Imagine that you often forget to put the trash out on thursday night before the garbage truck comes on friday morning. Taking the trash out isn’t super fun, but you know, neither is never taking the trash out (eww) and it’s probably better to take it out thursday night than friday at noon.
So then imagine that it’s thursday night, and you’re on the phone with your friend from out of town, and they remind you that “hey, last time we talked, weren’t you lamenting that you always forget to take the trash out on Thursday?”
That would be a pretty helpful reminder, right? And you probably wouldn’t be mad at your friend. I deliberately made it be your out-of-town friend reminding you, not your housemate, because I wanted to have it be a person who obviously wasn’t responsible for doing it themselves.
Imagine that instead of your friend reminding you, the reminder comes from past-you. You had set up a little calendar event or something that goes “ping!” on thursday evenings. I think that the way a lot of people feel about these reminders from past-selves is that they’re commands: “HEY YOU. TAKE OUT THE GARBAGE, NOW.” I mean, some people will literally write stuff like that to themselves, in all caps. (I used to see this in people’s Complice intentions too, back in the early days when I was responding to peoples’ submissions. Sometimes with swearing too.) Sometimes it’s playful but it usually suggests that there’s tension somewhere in the relationship between your temporal selves. At any rate, even if you don’t literally write that, and you just get a note saying “take out the trash”, it can still sometimes feel like a command.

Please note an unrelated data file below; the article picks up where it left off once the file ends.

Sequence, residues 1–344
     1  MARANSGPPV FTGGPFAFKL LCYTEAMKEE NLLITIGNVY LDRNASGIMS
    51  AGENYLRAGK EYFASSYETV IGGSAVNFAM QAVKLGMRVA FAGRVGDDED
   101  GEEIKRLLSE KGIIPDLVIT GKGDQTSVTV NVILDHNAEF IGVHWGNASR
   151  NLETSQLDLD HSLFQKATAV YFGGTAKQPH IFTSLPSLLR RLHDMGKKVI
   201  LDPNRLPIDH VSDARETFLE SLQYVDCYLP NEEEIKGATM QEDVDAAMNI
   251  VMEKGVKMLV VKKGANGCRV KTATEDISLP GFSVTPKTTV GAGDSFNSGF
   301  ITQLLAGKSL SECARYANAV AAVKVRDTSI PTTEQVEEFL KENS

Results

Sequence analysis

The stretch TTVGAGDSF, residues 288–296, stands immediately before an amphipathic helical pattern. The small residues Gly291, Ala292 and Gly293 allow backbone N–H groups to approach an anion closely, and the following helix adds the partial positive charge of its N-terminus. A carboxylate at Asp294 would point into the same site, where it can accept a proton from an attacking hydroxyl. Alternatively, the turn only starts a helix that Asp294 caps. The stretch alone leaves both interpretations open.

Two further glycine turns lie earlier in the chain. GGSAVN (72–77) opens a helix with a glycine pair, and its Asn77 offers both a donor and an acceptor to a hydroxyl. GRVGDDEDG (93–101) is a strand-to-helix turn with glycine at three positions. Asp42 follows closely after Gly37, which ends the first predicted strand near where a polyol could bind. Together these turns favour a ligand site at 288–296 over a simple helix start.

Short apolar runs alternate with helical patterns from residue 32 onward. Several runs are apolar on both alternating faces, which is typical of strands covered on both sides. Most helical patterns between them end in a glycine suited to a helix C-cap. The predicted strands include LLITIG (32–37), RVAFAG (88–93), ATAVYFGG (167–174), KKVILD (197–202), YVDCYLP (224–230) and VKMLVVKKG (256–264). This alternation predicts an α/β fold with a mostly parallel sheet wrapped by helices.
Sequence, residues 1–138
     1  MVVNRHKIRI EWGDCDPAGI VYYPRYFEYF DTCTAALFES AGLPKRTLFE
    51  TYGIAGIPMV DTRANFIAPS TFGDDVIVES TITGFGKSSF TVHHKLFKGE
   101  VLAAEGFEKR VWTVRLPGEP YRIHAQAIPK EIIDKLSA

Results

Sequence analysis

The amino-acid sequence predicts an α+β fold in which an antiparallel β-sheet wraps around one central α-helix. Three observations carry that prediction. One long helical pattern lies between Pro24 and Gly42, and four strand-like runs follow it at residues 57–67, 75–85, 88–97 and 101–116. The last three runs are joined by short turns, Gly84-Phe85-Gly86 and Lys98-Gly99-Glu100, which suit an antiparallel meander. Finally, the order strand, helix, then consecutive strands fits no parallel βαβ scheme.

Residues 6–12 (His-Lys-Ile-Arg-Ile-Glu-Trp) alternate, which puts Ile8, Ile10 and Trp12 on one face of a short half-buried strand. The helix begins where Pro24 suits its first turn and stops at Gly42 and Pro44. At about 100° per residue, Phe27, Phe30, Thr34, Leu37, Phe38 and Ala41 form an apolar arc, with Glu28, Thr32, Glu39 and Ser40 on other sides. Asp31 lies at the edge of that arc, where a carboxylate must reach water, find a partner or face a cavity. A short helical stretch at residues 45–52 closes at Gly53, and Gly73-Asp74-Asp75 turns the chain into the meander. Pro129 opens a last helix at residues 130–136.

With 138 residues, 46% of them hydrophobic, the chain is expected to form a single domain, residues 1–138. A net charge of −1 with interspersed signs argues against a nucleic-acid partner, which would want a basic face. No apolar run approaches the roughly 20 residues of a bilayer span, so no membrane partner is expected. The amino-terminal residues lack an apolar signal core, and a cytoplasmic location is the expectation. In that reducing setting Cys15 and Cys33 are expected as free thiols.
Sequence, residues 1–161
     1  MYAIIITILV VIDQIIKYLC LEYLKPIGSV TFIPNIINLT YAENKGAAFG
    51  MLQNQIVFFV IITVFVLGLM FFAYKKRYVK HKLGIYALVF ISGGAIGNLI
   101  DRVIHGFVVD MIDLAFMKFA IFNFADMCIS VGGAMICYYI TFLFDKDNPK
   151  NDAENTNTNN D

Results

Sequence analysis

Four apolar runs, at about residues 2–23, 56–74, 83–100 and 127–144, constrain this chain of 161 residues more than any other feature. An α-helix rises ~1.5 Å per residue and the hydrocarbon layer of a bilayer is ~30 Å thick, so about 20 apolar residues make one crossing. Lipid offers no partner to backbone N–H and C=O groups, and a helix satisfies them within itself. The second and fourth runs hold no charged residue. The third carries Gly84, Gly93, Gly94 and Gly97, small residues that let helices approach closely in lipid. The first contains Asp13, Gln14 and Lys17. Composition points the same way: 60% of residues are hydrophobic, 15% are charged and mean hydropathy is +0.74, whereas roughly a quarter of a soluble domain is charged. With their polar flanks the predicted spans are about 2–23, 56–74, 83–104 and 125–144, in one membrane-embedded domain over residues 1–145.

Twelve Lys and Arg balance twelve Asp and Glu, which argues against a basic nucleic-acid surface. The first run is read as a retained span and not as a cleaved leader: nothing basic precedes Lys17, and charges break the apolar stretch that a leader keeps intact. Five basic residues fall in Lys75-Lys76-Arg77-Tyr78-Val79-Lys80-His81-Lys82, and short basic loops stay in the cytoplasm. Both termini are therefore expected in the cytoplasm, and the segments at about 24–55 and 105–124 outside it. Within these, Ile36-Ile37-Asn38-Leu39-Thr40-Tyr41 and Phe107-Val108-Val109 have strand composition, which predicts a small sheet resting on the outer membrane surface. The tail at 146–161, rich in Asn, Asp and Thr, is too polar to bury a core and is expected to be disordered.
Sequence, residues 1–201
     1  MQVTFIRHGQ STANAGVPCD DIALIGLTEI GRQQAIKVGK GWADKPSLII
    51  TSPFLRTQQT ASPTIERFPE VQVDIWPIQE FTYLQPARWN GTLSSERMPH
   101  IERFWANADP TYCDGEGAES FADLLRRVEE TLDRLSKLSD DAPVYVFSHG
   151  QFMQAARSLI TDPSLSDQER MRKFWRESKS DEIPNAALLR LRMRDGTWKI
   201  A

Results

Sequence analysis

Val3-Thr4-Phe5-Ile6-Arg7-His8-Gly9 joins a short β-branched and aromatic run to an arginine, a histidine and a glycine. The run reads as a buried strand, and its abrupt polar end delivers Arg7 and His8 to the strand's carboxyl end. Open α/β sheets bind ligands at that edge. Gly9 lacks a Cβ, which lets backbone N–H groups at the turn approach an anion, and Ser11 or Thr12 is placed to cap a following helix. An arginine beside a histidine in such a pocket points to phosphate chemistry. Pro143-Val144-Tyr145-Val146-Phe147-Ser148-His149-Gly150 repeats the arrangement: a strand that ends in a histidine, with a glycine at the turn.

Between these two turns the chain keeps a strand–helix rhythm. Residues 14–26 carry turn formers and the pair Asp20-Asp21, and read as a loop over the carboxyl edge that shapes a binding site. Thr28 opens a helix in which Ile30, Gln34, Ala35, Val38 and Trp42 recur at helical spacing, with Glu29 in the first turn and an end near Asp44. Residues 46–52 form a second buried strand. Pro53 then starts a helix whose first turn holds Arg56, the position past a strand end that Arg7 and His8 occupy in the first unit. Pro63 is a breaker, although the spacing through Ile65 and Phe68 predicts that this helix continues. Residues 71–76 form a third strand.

Why does this happen?
I think it’s part of a much bigger thing around people not having a good relationship with themselves-over-time. This can be built up over many experiences of procrastination, where (unlike the situation with the garbage, where past!you couldn’t’ve taken out the trash for you) you feel like your past self who’s sending you the message has shirked on their duties. Something like…
In order to cultivate a better relationship with giving suggestions rather than commands to your temporal selves, you might want to start with things like the garbage, where it’s really clear that:
This is one step on the path towards feeling like you’re on the same team as yourself, spread across time.
And then work up to the idea that maybe it’s worth cooperating on doing tasks that you could do later but which would sure go better if you started on them now.
I’m writing a series of posts about this, of which this is the first. The rest will be over on the Complice blog.
Constantly consciously expanding the boundaries of thoughtspace and actionspace. Creator of Complice, a system for achieving your important goals.